Wednesday, 20 February 2008

"better banks"

tonight was the AGM of the waikato interfaith council. we had a guest speaker in crystal mann who organised the "keeping faith" exhibition at the waikato museum. it was fascinating listening to her describe the exhibition from conception to execution. it is a difficult topic, and she did very well in shaping it to be a positive and interesting one. the exhibition is on until easter monday.

this press release from finsec came out today, asking for greater regulation of the finance sector. the union is starting a campaign this year, aimed at improving employment and customer service in the finance sector. i remember a couple of years ago, workers in the finance industry were complaining about how hard they were required to push credit on to customers they knew couldn't afford it. because of the way their pay systems were structured, staff were disadvantaged if they failed to "sell" the required amount of credit.

as an accountant, i've had clients tell me that their bank manager is pushing them to buy a rental property, with a 100% mortgage. they tell clients that the tax losses from the rental can be offset against other income, and the capital gains are tax free. it's apparently the perfect investment. what they don't make clear are that the tax losses are cash losses - the rent from these properties is never enough to cover the mortgage interest & principal, let alone rates, maintenance costs etc. for people who aren't cash rich, it's a risky investment - particularly one with a 100% loan. and rental properties don't always deliver a gain. one client had to spend $30,000 refurbishing a bathroom that had been totally trashed by a tenant. the capital gain only ensues if the property is well looked after.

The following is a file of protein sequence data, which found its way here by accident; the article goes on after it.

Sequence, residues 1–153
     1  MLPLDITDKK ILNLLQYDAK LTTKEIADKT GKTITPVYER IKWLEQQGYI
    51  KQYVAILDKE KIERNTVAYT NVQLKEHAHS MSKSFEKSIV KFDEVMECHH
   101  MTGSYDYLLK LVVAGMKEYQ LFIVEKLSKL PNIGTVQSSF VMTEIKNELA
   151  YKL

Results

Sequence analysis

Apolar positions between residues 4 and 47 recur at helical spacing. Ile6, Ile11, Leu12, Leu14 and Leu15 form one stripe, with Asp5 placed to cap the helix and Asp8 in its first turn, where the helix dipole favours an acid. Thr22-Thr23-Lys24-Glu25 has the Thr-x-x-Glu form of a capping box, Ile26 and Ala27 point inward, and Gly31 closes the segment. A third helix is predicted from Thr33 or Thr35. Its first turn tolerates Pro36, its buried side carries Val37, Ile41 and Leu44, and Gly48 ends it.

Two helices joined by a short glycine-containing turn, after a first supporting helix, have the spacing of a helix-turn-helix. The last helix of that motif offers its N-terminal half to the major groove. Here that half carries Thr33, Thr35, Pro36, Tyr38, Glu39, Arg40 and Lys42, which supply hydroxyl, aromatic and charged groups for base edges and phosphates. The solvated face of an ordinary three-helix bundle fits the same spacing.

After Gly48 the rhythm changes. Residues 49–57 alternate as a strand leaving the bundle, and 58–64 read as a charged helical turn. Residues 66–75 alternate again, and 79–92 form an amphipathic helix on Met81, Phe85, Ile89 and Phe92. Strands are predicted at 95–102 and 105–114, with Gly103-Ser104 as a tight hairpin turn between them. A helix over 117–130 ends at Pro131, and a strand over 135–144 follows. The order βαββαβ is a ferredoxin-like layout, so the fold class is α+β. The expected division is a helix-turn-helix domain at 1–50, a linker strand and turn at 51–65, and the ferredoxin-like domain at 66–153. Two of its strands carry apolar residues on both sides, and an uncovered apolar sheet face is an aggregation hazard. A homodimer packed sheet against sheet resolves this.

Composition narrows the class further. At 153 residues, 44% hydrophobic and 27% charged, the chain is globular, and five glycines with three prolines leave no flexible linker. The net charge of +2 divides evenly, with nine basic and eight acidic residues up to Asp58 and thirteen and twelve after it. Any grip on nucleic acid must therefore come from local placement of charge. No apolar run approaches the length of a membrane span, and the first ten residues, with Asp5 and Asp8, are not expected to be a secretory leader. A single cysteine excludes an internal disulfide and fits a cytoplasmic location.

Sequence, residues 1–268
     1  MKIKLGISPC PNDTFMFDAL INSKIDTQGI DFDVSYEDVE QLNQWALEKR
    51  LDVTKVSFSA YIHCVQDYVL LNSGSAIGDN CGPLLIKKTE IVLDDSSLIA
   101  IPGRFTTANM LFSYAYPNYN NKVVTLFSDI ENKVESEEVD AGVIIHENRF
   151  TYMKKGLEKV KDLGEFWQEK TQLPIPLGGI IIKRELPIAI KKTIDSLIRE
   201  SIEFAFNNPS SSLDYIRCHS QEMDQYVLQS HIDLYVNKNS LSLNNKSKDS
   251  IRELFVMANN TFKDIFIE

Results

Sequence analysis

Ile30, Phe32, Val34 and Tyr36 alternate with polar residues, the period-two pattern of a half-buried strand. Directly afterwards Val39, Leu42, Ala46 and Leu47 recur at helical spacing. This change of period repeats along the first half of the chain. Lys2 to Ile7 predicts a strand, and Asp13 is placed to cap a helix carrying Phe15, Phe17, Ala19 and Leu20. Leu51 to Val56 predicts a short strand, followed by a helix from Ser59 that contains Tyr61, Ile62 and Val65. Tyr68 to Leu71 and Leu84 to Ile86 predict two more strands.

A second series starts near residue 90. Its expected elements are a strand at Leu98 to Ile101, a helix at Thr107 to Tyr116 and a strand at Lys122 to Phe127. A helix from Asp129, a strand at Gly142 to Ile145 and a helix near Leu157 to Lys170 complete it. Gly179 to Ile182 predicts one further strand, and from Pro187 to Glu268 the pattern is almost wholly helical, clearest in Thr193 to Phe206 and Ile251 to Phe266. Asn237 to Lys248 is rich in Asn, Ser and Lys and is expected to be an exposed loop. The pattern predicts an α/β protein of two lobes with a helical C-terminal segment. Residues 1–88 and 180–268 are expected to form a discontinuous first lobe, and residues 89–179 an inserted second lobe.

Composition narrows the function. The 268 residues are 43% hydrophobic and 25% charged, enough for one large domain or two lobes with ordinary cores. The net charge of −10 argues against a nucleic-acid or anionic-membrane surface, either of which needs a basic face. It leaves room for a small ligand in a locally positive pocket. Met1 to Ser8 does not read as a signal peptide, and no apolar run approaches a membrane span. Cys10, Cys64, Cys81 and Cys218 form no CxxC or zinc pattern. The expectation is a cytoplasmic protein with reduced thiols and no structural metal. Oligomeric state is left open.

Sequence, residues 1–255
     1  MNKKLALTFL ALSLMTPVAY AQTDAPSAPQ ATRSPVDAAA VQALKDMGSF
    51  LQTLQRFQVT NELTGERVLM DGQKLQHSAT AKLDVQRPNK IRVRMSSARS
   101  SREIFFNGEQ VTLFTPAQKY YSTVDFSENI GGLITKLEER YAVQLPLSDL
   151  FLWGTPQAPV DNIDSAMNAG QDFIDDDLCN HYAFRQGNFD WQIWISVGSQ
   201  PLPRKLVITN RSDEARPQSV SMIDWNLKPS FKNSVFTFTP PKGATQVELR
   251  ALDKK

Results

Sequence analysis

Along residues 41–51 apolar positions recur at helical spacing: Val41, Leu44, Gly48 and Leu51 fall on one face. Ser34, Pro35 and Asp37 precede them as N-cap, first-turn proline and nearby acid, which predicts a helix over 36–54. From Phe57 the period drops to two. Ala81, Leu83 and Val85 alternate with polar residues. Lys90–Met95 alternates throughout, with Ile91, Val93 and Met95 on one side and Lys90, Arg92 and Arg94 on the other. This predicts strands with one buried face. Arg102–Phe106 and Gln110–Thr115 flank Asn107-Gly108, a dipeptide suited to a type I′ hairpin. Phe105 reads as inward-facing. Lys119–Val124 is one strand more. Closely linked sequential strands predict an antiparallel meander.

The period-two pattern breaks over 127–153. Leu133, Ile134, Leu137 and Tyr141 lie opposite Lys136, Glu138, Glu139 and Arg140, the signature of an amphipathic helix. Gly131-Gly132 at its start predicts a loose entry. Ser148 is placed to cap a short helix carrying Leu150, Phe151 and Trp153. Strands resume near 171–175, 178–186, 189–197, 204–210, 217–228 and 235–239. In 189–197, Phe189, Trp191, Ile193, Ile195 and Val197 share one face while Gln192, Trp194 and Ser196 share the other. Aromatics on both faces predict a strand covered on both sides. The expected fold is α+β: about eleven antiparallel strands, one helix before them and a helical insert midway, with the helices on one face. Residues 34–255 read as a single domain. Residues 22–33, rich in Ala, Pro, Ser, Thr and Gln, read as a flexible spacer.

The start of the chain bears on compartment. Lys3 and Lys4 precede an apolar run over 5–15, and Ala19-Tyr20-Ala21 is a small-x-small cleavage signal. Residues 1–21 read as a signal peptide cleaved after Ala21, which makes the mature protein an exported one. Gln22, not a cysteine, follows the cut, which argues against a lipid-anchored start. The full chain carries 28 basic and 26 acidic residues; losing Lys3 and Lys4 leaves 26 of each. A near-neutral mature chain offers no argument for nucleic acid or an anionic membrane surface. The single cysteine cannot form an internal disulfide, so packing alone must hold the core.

there is a wider issue. if financial institutions are consistently lending to people who can't afford to repay the interest and principal, this can only lead to disaster in the long run. in america, some institutions were lending to people who had no income and no assets. no wonder the sub-prime mortgage crisis has occurred, and financial institutions are either collapsing or having to cover major losses.

the american response to this has been to lower interest rates. i don't get it. the problem is risky lending. to fix the problem, measures should be put in place to reduce the level of lending, ensuring that borrower has sufficient income to service the loan. lowering interest rates, on the other hand, will increase the level of lending because it's cheaper to borrow. tax cuts won't solve this problem, as those on the lower end of the income scale aren't going to get anywhere near enough to cover their debt servicing costs.

excess borrowing has been one of the major causes of inflationary pressures in our economy. the level of borrowing per person has been increasing rapidly, and most of that money has gone into consumption. there are some who would have you believe that increased government spending is the major cause of inflationary pressures, but it's nowhere near the amount that is coming through our lending institutions. i heard an excellent lecture by bryan gould on this topic, and his book "The Democracy Sham:How Globalisation Devalues Your Vote" is well worth a read. see here for a review.

another group that are against the current monetary system are the democrats for social credit. while they are mostly a way-out-there leftist group, their ideas around the current monetary system quite seem quite interesting. i met a group of them in hamilton a couple of years ago, when they asked me to do a speech on the islamic banking system. if nothing else, they do challenge the conventional view of things, and as gould pointed out, there is not nearly enough debate about the monetary system, and things like the reserve bank act. we mostly accept things as they are because it takes an advanced degree in economics to understand the alternatives!

but good on finsec for starting this campaign. unfortunately, i haven't heard any mention of it on the tv news, i don't expect it to create headlines in tomorrow's papers either. banalities around owen glenn seem to be much more important than the country's financial wellbeing.

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